How to Recognize & Respond to Technology Facilitated Gender-Based Violence (TFGBV) 

SEED Delivers First Ever TFGBV-focused Training in Iraq for National NGOs

“TFGBV is one of the most important issues we deal with, it’s common and prevalent in our society – especially in the Middle East – due to the misuse of technology, and lack of understanding of rights and duties,” Akram, a recent training graduate described.

Akram joined 50 other representatives from national NGOs operating in Ninewa, to participate in SEED’s latest GBV and Protection Training program, generously funded by the US State Department Bureau of Population, Refugees, and Migration (PRM). These first graduates to complete SEED’s newest training module on Technology Facilitated Gender-based Violence (TFGBV) built their skills and knowledge on how to  respond. 

For many, TFGBV was new terminology but not a new phenomena. In fact many identified TFGBV as something that is and was endemic in their communities, but was largely occurring undetected or unreported as a form of gender-based violence (GBV). 

The dangerous consequences of rising internet and social media penetration – almost half of Iraq and Kurdistan were online at the outset of 20221 alongside alarmingly low digital literacy, especially in women and girls – were made much clearer during the course of this module. 

“Lately we hear a lot about people being blackmailed online and through social media platforms, however they don’t realize this is considered TFGBV. In my work experience, I have seen a lot of people who’ve been subjected to blackmailing, both men and women, but they don’t know how to protect themselves, or where to go for reporting and filing a complaint,” explained Sally, a graduate from the latest program. 

Iraq is experiencing a GBV crisis, exacerbated by the COVID-19 pandemic and economic uncertainty. What makes women and girls in Iraq and Kurdistan even more vulnerable, is the lack of protections, the prevalence of patriarchal and conservative norms which give rise to the risk of “honor” based violence, and the lack of understanding of how to use social media safely. As a result, women and girls largely suffer in silence, or risk their lives if they do choose to speak.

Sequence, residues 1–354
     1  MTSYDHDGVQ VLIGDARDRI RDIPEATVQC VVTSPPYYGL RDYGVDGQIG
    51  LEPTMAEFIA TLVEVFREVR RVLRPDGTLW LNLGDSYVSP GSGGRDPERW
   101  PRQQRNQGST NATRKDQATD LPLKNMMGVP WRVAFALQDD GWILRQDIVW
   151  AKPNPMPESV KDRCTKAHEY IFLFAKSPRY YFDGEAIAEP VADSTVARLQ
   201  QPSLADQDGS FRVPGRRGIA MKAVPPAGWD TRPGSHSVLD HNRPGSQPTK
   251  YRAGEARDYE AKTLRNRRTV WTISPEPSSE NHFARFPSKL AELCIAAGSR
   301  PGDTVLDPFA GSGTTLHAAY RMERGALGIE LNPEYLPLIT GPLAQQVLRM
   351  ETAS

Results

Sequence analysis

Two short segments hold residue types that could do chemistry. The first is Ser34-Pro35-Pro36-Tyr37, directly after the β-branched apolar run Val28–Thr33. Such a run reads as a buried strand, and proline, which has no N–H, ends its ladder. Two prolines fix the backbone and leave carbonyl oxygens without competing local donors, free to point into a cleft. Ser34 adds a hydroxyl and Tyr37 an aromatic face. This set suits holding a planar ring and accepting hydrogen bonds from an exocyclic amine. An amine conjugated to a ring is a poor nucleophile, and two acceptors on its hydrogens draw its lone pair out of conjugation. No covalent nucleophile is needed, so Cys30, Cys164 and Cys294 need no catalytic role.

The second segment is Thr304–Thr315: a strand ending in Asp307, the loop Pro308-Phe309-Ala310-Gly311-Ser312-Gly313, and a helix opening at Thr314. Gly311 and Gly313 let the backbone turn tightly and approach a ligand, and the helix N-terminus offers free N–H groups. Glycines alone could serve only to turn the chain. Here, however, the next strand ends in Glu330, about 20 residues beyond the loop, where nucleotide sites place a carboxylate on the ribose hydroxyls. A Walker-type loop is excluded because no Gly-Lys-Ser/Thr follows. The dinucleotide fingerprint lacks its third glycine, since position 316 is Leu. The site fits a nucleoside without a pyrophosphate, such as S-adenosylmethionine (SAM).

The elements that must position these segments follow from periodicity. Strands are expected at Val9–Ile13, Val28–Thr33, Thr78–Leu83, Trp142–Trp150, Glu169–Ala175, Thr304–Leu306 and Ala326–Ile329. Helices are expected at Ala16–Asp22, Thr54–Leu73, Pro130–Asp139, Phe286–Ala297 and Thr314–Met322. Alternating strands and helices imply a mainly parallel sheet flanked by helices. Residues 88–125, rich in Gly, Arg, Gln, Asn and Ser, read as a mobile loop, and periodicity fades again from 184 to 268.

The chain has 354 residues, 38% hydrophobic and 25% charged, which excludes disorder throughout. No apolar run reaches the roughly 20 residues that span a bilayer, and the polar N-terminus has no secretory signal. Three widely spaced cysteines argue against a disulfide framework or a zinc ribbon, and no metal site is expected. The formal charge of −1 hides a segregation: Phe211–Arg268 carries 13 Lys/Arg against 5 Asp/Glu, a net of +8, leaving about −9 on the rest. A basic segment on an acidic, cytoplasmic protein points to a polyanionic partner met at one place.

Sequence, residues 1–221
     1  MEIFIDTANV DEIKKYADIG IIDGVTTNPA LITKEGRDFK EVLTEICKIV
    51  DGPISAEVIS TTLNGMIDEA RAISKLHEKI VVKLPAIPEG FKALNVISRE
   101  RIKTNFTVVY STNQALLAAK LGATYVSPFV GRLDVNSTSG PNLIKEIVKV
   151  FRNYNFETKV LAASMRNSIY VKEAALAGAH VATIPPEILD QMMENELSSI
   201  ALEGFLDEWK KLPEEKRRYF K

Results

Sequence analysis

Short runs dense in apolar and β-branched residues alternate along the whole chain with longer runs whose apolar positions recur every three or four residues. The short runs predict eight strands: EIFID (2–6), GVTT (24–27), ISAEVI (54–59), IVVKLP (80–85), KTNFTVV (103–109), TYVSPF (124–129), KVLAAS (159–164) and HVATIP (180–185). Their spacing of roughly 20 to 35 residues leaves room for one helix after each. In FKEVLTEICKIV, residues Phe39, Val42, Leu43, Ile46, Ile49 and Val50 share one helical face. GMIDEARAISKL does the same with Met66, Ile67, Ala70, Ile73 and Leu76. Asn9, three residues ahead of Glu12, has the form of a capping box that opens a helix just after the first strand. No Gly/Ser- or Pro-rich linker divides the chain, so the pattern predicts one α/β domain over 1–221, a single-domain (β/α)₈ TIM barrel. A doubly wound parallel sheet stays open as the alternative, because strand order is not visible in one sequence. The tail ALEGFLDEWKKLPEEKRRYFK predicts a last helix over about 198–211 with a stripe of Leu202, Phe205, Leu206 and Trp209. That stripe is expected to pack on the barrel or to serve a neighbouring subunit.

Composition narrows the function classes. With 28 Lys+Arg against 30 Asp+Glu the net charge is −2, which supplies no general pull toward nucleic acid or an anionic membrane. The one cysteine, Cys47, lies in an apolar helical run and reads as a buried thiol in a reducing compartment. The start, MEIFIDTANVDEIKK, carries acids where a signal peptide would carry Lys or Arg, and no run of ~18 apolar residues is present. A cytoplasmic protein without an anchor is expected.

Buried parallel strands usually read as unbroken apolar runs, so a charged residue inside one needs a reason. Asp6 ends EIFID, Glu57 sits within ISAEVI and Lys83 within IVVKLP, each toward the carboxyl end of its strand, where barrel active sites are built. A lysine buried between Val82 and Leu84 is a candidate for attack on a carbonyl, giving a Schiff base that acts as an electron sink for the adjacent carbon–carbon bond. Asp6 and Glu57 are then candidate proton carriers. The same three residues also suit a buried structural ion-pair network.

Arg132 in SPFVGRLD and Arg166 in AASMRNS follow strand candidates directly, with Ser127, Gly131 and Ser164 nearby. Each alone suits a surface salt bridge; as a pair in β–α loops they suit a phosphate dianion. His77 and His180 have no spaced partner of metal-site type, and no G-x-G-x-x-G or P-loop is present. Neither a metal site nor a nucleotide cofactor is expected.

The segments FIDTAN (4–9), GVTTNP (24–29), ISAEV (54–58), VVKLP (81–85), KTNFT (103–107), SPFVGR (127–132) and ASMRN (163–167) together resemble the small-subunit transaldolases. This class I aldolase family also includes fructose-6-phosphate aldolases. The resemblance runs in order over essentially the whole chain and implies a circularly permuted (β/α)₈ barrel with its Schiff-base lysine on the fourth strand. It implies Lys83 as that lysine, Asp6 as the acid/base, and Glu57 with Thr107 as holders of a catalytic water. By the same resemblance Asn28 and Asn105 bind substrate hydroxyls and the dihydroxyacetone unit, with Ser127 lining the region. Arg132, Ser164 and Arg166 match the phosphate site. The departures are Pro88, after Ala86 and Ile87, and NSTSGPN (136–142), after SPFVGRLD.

“Abuse through technology is very common these days…Back in the 90s, sexual abuse was mostly happening outside, nowadays the conditions are vastly different as we are even at risk in our bedrooms. Sometimes the abuse is not physical but economic  – asking for money in exchange for not sharing images or videos,” described another member of the graduating class. 

SEED’s TFGBV training module focused on five key topics:

  1. Legal measures, protections, and remedies
  2. Measures to support and empower survivors
  3. Capacity-building of NGOs and actors in the criminal justice system
  4. Community engagement and education
  5. Advocacy and collective action, such as partnerships and collaboration across sectors

Graduates completed this module with greater understanding of how TFGBV manifests and by the end of the program, many had already started to conceive of how they would approach the issue of TFGBV back home. 

“It is preferable to address TFGBV by conducting training courses for people such as community leaders or future trainers, to help them obtain knowledge…so that we can do awareness raising campaigns for beneficiaries and non-beneficiaries. It’d also be preferable to do the awareness campaigns online in order to reach wider groups of people who will be benefiting by knowing how blackmailing/extortion occurs, and what is needed to address this topic or phenomenon that has become prevalent in our society recently,” Akram described. Participants like Akram also took what they had learned and applied it to themselves, to help keep their family and friends safe as well. “I’ll be making sure the apps [I use] stay safe from hacking.”

Rasha, another graduate from the latest training cohorts, agreed that awareness raising is an important first step to tackling this issue: “We can spread the word through awareness raising sessions within the community such as at schools, online sessions, through the mukhtars and community leaders, and the community committees,” she said.

Akram added that a key driver to prevention was awareness of the law, “one of the most important things I learnt about TFGBV that I didn’t know before was that there are strict laws to punish perpetrators…such as the Iraqi Penal Code No. 111 of 1969, as well as the Law of 2008 in the KRI,” he added. 

What SEED learned during the delivery of training this past year will be incorporated into the second year of training, ensuring that participants develop the skills and knowledge needed to support effective services for those in need.